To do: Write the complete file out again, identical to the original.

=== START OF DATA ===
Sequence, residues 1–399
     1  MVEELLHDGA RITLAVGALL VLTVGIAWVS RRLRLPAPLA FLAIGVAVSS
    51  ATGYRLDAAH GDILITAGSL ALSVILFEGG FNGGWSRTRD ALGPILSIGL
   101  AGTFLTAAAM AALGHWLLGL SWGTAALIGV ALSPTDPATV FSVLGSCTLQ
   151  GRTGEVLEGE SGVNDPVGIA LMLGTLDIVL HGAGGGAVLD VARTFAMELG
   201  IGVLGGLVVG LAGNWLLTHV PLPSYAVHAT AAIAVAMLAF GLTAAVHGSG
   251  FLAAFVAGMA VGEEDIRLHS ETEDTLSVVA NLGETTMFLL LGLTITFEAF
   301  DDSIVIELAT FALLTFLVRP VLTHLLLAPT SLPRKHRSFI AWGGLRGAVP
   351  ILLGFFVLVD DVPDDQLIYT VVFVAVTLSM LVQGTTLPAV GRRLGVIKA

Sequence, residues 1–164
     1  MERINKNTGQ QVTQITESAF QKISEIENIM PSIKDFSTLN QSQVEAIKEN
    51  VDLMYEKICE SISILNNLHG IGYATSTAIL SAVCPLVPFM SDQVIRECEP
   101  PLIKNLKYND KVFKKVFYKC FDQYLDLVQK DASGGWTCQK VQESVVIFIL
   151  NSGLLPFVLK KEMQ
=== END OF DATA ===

Sequence, residues 1–399
     1  MVEELLHDGA RITLAVGALL VLTVGIAWVS RRLRLPAPLA FLAIGVAVSS
    51  ATGYRLDAAH GDILITAGSL ALSVILFEGG FNGGWSRTRD ALGPILSIGL
   101  AGTFLTAAAM AALGHWLLGL SWGTAALIGV ALSPTDPATV FSVLGSCTLQ
   151  GRTGEVLEGE SGVNDPVGIA LMLGTLDIVL HGAGGGAVLD VARTFAMELG
   201  IGVLGGLVVG LAGNWLLTHV PLPSYAVHAT AAIAVAMLAF GLTAAVHGSG
   251  FLAAFVAGMA VGEEDIRLHS ETEDTLSVVA NLGETTMFLL LGLTITFEAF
   301  DDSIVIELAT FALLTFLVRP VLTHLLLAPT SLPRKHRSFI AWGGLRGAVP
   351  ILLGFFVLVD DVPDDQLIYT VVFVAVTLSM LVQGTTLPAV GRRLGVIKA

Sequence, residues 1–164
     1  MERINKNTGQ QVTQITESAF QKISEIENIM PSIKDFSTLN QSQVEAIKEN
    51  VDLMYEKICE SISILNNLHG IGYATSTAIL SAVCPLVPFM SDQVIRECEP
   101  PLIKNLKYND KVFKKVFYKC FDQYLDLVQK DASGGWTCQK VQESVVIFIL
   151  NSGLLPFVLK KEMQ